Tuesday, March 15, 2011

What Is Debt Ridden?

What Is Debt Ridden?

Whether it is a country, company, state, or person, there are a number of present-day examples of entities being debt-ridden. In short, debt-ridden is classified as anything or anyone that has borrowed a significant amount of money that is unable to be paid back. Combinations of spending more than can be made and bad investments can quickly lead to an enormous amount of debt.

Personal Debt

    Macmillan Dictionary defines debt-ridden as, in serious financial trouble as a result of owing very large amounts of money. For many people, one of the main reasons for becoming debt-ridden is credit cards. Before the U.S. National Debt crisis came to light, many households were thousands of dollars in credit card debt, and often relied upon credit to pay bills or other credit cards. With card interest rates often high, it is easy to spend more than is made, which makes it hard to pay the debt back in the end.

Debt-Ridden Countries

    The United States is a perfect example of a debt-ridden country. With a current debt amount of $13 trillion and growing, the United States' debt is due to a number of reasons. Spending more than is made is one of them. For instance, in 2009, government receipts were $1.51 trillion while government expenditures had reached $3.5 trillion. A combination of wars in the Middle East, inflation and a real estate market where a large amount of credit was made available to people has led to a situation where the United States has quickly become debt-ridden.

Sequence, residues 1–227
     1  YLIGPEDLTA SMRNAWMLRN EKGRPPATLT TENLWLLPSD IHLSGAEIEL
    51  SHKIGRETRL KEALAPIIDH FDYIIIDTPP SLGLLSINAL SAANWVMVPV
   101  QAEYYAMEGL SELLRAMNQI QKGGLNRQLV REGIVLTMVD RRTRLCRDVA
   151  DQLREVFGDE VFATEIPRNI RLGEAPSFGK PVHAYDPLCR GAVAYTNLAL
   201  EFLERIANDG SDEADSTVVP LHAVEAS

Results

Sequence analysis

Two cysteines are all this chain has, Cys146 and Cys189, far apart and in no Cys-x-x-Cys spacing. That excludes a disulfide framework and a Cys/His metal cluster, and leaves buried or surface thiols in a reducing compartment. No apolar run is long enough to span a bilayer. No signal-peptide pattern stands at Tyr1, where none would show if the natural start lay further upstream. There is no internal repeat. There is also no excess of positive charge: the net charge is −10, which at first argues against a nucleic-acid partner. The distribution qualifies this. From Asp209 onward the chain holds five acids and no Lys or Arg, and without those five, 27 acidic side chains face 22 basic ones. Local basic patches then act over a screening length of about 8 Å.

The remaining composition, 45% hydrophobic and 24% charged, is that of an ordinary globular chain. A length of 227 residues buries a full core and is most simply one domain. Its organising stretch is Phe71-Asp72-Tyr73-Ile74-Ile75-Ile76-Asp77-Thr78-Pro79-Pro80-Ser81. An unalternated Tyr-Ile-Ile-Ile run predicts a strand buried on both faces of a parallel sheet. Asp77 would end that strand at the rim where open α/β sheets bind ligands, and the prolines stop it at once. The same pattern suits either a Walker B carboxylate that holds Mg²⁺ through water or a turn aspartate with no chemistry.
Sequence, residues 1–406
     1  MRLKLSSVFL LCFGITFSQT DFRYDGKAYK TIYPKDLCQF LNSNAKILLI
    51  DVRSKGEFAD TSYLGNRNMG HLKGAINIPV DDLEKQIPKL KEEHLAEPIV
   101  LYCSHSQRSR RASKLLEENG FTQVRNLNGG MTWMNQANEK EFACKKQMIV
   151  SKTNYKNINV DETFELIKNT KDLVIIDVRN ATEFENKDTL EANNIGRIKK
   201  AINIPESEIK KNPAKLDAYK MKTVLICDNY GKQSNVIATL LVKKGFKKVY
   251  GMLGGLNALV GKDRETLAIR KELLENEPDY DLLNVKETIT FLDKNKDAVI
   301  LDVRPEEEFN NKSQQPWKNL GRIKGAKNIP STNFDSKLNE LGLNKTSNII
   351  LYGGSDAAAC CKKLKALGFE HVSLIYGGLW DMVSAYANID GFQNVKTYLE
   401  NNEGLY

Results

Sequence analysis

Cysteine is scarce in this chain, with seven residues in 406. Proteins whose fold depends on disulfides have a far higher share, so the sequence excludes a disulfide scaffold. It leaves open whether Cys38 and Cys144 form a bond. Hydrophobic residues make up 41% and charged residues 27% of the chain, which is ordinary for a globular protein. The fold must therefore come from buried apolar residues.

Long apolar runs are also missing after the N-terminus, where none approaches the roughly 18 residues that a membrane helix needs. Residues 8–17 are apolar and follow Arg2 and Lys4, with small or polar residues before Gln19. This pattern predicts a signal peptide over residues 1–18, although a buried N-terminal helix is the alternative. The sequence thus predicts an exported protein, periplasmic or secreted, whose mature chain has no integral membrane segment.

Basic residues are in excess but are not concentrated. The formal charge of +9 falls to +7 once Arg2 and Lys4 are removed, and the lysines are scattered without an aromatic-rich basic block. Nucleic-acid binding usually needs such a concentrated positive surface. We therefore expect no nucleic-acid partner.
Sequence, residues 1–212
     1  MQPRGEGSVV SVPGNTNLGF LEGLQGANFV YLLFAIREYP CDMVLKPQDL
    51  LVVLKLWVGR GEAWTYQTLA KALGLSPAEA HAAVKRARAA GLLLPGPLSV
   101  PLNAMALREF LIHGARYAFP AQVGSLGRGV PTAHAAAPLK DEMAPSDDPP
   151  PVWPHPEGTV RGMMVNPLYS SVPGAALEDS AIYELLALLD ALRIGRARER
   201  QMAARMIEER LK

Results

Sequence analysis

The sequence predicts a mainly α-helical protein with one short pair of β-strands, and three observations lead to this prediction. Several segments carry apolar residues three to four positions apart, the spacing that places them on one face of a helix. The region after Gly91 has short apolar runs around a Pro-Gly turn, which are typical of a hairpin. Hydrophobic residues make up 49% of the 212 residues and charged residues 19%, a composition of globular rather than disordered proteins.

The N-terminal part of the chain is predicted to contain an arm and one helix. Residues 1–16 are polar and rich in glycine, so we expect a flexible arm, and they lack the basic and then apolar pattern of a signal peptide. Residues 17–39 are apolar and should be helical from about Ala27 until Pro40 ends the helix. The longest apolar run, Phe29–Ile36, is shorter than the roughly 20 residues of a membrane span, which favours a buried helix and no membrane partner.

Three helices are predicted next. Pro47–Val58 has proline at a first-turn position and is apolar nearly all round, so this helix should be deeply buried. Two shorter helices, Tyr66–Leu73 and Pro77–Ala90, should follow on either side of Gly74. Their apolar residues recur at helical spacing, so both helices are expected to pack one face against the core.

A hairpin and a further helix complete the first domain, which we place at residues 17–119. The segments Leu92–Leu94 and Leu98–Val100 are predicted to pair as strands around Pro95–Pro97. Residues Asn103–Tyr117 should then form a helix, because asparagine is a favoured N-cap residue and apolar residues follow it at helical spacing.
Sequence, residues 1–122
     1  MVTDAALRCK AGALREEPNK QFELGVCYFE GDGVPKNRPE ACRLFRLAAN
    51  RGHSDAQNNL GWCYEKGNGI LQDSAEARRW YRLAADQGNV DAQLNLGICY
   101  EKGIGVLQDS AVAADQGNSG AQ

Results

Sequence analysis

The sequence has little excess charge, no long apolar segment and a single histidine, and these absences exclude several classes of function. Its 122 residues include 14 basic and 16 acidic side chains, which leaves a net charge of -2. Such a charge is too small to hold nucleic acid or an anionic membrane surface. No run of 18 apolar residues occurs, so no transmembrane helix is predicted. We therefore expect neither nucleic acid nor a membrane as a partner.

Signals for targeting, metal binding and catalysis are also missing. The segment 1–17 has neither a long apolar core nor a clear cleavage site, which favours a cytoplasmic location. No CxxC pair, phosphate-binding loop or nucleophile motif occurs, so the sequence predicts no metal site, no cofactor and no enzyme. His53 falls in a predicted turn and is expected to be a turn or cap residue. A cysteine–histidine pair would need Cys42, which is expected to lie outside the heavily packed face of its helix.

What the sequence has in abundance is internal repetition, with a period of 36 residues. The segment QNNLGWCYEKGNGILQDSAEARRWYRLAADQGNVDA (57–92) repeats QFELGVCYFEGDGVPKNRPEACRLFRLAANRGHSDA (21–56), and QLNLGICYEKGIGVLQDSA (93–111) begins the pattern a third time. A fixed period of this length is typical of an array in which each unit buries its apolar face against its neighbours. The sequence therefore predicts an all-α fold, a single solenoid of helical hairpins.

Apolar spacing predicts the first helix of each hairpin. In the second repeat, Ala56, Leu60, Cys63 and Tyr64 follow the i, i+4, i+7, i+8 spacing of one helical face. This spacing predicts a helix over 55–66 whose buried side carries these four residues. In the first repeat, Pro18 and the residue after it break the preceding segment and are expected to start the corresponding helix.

Greece is another example of a debt-ridden country, with it being $413.6 billion in debt. A number of factors led to this debt, such as unrestrained spending and cheap lending practices. In recent years, Greece failed to reform its financial structure, leading to tax evasion by many of the country's well-off citizens. This left it in a situation where it was not gaining adequate tax revenue to support the economy. As a result, Greece is now considered a black hole by financial investors.


    Last on the list of the many countries in financial strain is Zimbabwe, which is currently $5.7 billion in debt. One of the major problems within Zimbabwe was that it had a low per-capita income, meaning the income per person in a population was low. This is due in large part because the country is stricken with poverty in many areas. Therefore, this left the country with little to no way to clear the debts that it acquired. When coupled with a corrupt government, the result is yet another debt-ridden country.

Paying it Back

    People who have acquired mass amounts of debt often must consult debt-consolidation firms, which in some cases may help lower the personal amount of debt. Bankruptcy is also an option for many. For countries, increased financial reform in the areas in taxation, and slashed spending are designed to help dig the country out of debt. For example, the United States has utilized stimulus packages that are designed to create jobs for its citizens and stimulate economic growth.


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